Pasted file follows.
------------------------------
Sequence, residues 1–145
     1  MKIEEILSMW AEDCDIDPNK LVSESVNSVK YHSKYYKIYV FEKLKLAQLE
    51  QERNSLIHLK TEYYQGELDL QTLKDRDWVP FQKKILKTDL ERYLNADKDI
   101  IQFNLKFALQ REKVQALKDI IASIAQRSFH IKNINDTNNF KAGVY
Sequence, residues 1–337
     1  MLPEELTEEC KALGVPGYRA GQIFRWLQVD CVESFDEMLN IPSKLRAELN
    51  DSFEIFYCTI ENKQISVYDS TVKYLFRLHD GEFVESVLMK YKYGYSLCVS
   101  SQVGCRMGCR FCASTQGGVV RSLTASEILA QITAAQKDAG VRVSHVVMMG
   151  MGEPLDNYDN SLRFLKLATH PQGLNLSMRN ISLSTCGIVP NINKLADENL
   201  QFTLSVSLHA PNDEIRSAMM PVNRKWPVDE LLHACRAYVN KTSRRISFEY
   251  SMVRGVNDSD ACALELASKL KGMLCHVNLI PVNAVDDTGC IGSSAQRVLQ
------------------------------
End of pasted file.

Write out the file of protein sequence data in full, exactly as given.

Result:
Sequence, residues 1–145
     1  MKIEEILSMW AEDCDIDPNK LVSESVNSVK YHSKYYKIYV FEKLKLAQLE
    51  QERNSLIHLK TEYYQGELDL QTLKDRDWVP FQKKILKTDL ERYLNADKDI
   101  IQFNLKFALQ REKVQALKDI IASIAQRSFH IKNINDTNNF KAGVY
Sequence, residues 1–337
     1  MLPEELTEEC KALGVPGYRA GQIFRWLQVD CVESFDEMLN IPSKLRAELN
    51  DSFEIFYCTI ENKQISVYDS TVKYLFRLHD GEFVESVLMK YKYGYSLCVS
   101  SQVGCRMGCR FCASTQGGVV RSLTASEILA QITAAQKDAG VRVSHVVMMG
   151  MGEPLDNYDN SLRFLKLATH PQGLNLSMRN ISLSTCGIVP NINKLADENL
   201  QFTLSVSLHA PNDEIRSAMM PVNRKWPVDE LLHACRAYVN KTSRRISFEY
   251  SMVRGVNDSD ACALELASKL KGMLCHVNLI PVNAVDDTGC IGSSAQRVLQ